Tips, Tricks and Techniques for ARRL Sweepstakes
If you are new (or just a bit rusty) with CW Sweepstakes, Hammel offered six things that you can do to improve your enjoyment and your score:
- Refresh your knowledge of the 80 ARRL/RAC Sections and their abbreviations. There are some tricky ones: Los Angeles (LAX) vs Louisiana (LA), Orange County (ORG) vs Oregon (OR), San Diego County (SDG) vs South Dakota (SD) and others. You can’t depend on the call sign alone to identify where stations are located -- they might be from almost anywhere!
- Operate at a code speed that is comfortable for you. Stations want your contact and most will try to match your speed. If you still can’t copy the exchange, then ask them to QRS (send slower).
- It is easy to get lulled into a search-and-pounce routine, which is a good technique to make QSOs and find some new Sections. But don’t be afraid to call CQ, too! Your score will increase a lot faster when the Sections come to you. Tune around for a clear frequency on the high end of the band, rather than slugging it out on the low end. If one frequency doesn’t produce many contacts, slide up or down a few kilohertz to a clear spot and try again. Or jump to another active band and test the waters there. Keep your CQ short [CQ SS W1AW W1AW] and repeat as needed. Someone will hear you!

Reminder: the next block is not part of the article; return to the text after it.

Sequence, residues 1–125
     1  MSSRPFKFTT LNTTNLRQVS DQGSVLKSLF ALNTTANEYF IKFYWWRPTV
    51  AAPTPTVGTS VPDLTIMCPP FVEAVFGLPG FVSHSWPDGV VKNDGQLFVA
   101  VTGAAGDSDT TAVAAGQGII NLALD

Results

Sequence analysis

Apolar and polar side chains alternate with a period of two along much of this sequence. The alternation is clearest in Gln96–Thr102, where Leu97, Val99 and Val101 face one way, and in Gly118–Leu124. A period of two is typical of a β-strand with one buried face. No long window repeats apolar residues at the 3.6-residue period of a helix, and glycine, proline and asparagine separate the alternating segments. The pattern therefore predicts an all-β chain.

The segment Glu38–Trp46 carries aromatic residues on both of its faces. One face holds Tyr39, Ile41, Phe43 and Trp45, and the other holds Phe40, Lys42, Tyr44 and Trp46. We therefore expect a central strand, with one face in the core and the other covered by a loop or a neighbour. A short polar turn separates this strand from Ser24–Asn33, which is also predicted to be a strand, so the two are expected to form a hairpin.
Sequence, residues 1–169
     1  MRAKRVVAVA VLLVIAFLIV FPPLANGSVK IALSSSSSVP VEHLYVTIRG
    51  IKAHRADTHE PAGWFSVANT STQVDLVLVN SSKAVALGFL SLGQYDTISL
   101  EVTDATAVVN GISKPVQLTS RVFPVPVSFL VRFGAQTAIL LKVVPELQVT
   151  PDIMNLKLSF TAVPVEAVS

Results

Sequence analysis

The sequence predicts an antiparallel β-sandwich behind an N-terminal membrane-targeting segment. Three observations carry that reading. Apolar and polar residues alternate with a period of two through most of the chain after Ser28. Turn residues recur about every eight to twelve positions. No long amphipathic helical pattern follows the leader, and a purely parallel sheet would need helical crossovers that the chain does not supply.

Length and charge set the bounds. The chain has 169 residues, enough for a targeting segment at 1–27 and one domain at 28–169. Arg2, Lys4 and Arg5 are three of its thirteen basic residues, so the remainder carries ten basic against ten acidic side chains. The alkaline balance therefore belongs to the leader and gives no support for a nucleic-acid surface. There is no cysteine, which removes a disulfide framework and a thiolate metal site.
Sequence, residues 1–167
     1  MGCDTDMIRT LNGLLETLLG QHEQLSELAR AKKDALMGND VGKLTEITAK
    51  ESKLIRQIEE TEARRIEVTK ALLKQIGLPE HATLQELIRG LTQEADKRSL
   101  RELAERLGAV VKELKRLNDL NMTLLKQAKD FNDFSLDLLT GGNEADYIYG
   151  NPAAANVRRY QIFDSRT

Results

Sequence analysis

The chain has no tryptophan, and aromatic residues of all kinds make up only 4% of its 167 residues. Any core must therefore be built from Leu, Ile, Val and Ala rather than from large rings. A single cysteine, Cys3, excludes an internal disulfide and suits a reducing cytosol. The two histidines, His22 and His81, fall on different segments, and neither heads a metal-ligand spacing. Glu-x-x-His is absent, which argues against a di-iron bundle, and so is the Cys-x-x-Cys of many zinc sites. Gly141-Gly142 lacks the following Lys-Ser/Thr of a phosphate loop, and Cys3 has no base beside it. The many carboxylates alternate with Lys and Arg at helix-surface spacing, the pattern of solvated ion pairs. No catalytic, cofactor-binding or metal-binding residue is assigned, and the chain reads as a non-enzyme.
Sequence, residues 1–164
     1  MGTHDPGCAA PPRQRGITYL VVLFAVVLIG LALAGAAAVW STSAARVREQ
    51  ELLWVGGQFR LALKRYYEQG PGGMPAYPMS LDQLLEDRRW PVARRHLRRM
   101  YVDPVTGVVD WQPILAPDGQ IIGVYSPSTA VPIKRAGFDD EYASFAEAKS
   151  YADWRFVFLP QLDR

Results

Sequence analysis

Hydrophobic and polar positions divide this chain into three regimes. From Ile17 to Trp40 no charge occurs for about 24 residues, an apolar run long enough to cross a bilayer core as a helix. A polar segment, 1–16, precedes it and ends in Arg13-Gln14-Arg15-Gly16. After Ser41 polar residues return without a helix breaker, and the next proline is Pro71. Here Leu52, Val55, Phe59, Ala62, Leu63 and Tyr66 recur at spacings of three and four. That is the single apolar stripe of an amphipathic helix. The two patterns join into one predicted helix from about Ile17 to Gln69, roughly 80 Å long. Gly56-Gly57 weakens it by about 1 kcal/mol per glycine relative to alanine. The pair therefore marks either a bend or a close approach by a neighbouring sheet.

- Activity in Sweepstakes is always highest on Saturday. But many folks can’t operate full time, and they need to budget their on-the-air time during the contest. If this is your situation, you might try to be on during Sunday afternoon or evening. As a new station on the band, you will generate a lot of interest -- and callers -- when you call CQ SS during this typically slower period.
- Try to copy the exchange information as accurately as you can. Then after the contest, send in your log! Your Cabrillo log will really help the overall log checking process, and you might just come away with a category record or other recognition for your effort. You can use WA7BNM’s online web page to submit your log information in the right format.
- Finally, don’t forget about 10 meters! The 28 MHz band has been sluggish for a number of years, but recent improvements in solar conditions might really bring some life and activity to the band. Even the most modest stations can do extremely well on 10 meters.
Please join the many CW ops all across the continent in sharing the tradition and fun of November CW Sweepstakes -- 2011 style!
ICOM is the Principal Awards Sponsor for the ARRL November CW Sweepstakes. The CW running of Sweepstakes runs from 2100 UTC Saturday, November 5 through 0259 UTC Monday, November 7. Complete rules and forms can be found online. Electronic logs should be submitted via e-mail; paper logs can be sent to ARRL November SS CW Contest, 225 Main St, Newington, CT 06111. Paper logs must be postmarked no later than 0300 UTC Tuesday, November 22, 2011.